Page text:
I don’t like walking. No, really. It’s to do with being lazy, more than anything else. And maybe the napping in Calcutta during monsoons had something to do with it. Grandparents house, rainy afternoon, ordinary day at school, delicious lunch = sleep!
Have you been to the Golconda Fort? No, have you? Well, if you have then you’ll know that it’s not meant for the lazy or the faint-hearted.
I first read/was forced to read (depending on who you’re in conversation with) about the Golconda Fort at school. My history teacher Mrs. Basu (incidentally, my Facebook friend too) was one of the most likable people around. She made sure we studied and along the way realized the importance of the subject. Right behind me in class sat a legendary character, who need not be named, but his take on history was: “Man, the Mughal’s and all these rulers were so lucky. They got to stay in all these cool palaces and had soldiers and horses and so many girlfriends. Amazing bro, amazing.” Hmm.
Revisiting a chapter from the history books turned out to be an adventure of sorts! Like I mentioned at the start, it’s not for the faint-hearted…
After moving past the 201222064 ‘official’ tour guides, I finally made my way onto the premise. From the very beginning, you feel that the entire property has been well maintained and that tourists respect the rules and regulations. I said ‘the tourists’. The locals are in their own league! Several of them etch their names on the old walls and on being told to stop, hurl back well thought out Telegu words. Not pleasant ones, I assure you.
Past the crazy locals and their friends from ‘etch my name’ high-school, came the bit that I didn’t expect to witness.
The sacrificial grounds. Yep. Goats being slaughtered , fresh blood collected. The works.
The Kali temple on ground is where the preliminary rituals are completed. Women sit around a tree, while the executioners carry on with business. The priests chant. The children dance and I looked over my shoulder to see if Indiana Jones was on his way.
The remains of the goat are sent to be cooked. The makeshift kitchen under the old tunnel, where cooks prepare a feast for the devotees. Meanwhile the group of women and their family members begin the climb. It’s a bloody long climb, pun intended.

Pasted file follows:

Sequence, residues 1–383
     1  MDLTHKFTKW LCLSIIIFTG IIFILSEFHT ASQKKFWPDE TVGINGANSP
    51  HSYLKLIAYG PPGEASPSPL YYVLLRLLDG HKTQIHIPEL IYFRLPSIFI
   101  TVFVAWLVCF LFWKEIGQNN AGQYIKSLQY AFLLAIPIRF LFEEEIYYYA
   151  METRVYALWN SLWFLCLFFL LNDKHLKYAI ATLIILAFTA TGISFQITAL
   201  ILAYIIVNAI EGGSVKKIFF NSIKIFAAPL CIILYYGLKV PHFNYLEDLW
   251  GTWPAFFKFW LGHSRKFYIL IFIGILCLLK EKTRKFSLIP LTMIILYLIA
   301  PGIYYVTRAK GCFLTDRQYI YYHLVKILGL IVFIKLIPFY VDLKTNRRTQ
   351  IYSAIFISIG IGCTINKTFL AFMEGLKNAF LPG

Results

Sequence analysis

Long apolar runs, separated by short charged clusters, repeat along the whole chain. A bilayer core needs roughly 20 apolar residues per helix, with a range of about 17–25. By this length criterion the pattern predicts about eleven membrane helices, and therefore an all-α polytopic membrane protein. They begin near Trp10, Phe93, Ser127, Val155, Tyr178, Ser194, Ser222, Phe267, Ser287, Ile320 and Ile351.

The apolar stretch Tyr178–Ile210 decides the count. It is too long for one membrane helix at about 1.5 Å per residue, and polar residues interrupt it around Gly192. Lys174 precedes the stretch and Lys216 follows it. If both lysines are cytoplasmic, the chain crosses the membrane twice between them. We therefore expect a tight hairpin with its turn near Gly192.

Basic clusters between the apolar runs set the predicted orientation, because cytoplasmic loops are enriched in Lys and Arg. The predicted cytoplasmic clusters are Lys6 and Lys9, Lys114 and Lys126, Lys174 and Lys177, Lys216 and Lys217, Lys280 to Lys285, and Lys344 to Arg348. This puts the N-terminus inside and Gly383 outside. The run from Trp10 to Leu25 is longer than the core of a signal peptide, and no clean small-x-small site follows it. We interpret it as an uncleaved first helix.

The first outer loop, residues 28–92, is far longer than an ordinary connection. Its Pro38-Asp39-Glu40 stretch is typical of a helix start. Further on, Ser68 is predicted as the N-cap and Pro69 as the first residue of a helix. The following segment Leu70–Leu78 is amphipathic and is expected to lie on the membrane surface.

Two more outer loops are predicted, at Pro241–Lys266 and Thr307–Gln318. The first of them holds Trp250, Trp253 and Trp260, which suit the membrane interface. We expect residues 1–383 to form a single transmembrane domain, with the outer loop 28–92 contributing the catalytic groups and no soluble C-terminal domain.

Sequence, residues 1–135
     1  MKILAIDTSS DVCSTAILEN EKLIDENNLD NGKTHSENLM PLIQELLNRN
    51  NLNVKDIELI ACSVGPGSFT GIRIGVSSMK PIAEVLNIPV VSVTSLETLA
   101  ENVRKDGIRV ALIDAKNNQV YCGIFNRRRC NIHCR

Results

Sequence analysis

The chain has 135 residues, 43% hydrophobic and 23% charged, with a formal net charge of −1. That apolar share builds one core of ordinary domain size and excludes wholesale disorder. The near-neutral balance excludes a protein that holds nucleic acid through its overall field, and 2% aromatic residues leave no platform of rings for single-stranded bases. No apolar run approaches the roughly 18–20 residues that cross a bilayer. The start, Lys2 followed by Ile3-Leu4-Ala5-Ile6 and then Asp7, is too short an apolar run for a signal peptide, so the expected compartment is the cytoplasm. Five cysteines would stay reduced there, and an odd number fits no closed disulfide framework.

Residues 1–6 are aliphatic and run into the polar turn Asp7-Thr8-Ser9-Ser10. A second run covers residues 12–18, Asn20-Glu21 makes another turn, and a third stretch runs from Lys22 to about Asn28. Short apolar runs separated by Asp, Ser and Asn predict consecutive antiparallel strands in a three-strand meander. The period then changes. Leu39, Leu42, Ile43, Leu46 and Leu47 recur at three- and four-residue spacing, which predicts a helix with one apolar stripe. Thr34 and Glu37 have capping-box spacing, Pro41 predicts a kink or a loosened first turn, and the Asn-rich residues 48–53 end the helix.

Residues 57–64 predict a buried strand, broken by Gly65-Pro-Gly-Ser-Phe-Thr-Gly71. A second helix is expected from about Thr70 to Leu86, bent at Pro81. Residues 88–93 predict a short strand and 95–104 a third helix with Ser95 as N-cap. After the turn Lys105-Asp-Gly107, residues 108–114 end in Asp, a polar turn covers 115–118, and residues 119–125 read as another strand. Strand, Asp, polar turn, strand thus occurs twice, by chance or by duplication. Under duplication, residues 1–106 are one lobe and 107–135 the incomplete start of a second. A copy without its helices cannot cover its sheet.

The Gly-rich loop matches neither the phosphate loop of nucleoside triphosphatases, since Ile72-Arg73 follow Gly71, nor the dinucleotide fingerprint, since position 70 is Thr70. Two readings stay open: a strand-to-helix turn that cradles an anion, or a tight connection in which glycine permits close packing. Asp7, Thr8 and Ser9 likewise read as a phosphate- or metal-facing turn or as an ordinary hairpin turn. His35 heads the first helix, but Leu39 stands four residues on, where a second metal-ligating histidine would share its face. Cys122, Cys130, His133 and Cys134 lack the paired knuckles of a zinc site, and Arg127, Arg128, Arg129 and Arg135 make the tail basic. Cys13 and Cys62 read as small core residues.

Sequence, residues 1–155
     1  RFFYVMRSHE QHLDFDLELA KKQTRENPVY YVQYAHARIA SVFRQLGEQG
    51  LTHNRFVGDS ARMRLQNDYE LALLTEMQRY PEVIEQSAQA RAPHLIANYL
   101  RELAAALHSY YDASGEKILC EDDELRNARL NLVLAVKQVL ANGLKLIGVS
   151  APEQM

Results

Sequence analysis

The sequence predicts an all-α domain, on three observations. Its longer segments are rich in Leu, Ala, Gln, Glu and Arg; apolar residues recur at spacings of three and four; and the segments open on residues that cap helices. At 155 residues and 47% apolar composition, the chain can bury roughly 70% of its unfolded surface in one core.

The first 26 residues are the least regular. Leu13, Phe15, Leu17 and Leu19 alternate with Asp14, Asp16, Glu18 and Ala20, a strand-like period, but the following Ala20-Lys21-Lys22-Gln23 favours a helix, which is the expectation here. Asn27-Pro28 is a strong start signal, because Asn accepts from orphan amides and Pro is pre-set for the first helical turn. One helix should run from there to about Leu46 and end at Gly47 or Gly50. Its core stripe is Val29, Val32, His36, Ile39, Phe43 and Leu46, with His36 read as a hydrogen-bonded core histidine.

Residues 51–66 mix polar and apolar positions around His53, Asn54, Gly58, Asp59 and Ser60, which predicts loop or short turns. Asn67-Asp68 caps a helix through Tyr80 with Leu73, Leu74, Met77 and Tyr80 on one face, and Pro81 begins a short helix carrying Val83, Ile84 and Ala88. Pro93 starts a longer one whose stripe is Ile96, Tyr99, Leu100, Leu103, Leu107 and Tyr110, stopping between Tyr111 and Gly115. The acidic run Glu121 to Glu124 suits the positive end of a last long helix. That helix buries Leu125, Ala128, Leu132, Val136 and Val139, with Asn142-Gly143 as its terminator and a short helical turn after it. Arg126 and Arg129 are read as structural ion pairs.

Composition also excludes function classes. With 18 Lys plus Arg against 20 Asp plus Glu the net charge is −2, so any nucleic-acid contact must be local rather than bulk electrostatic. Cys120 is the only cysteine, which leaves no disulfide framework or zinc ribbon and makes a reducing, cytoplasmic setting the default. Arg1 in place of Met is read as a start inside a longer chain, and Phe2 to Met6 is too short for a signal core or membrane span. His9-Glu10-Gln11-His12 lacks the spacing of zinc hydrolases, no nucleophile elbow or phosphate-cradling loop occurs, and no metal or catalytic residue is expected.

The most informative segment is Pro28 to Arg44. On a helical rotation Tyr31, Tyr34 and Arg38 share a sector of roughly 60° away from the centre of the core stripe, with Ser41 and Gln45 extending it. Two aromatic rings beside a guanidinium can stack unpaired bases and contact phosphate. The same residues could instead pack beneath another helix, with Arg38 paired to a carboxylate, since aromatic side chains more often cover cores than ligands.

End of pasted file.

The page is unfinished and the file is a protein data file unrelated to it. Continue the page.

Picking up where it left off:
Barefoot. Enthusiastic. Drum-rolls. Dhinka-chika.
That’s not it. The women who are on their way to the temple have a rather long way to go, the climb isn’t easy (as I found out), but they had another task at hand.
Stopping at EVERY step and applying sindoor (vermilion) on the foot of the step.
I won’t lie, seeing them labor made me feel tired. Very tired.
The afternoon sun chose to appear and brighten up proceedings. Sweat poured down my cheek. The overpriced shirt, drenched. Hopping, skipping, jumping and taking regular breaks (as every marathon runner knows, staying within limits is the name of the game), I made my way to the very top.
I even took a photograph to prove it to those that might not have believed me otherwise. I was impressed with the cellular networks in Andhra Pradesh, that made sure that I could access the internet on top of Golconda Fort, a touch of instagram, indeed!
And, as I sat on the edge of the Fort, looking down at the Lego-like houses, I managed to get a word with the security guard. He likes to be called Raymond and doesn’t like talking much. Yup, great company. Throw in an ice-cream and it’s a party.
He sat there and spoke of his life as a clerk, before this. Of cricket, ghosts and railway travel. His love for tea and mutton (I was thinking to myself, he’s definitely in the right place then!)
The temple behind us, right next to the mosque. On top of a hill. Sun beating down. Thousands of devotees, who come here and believe in whatever it is they believe in.
Faith, so much more than a word on a Tuesday afternoon.
The walk downhill was pleasant. The clouds were out. The numbers had reduced and the drum-beats too. I was surprised that I made the climb, I knew I had no intention to. I kept telling myself, one step more…
Didn’t Martin Luther King Jr say: Faith is taking the first step even when you don’t see the whole staircase.
Well, looks like there are many who agree with him.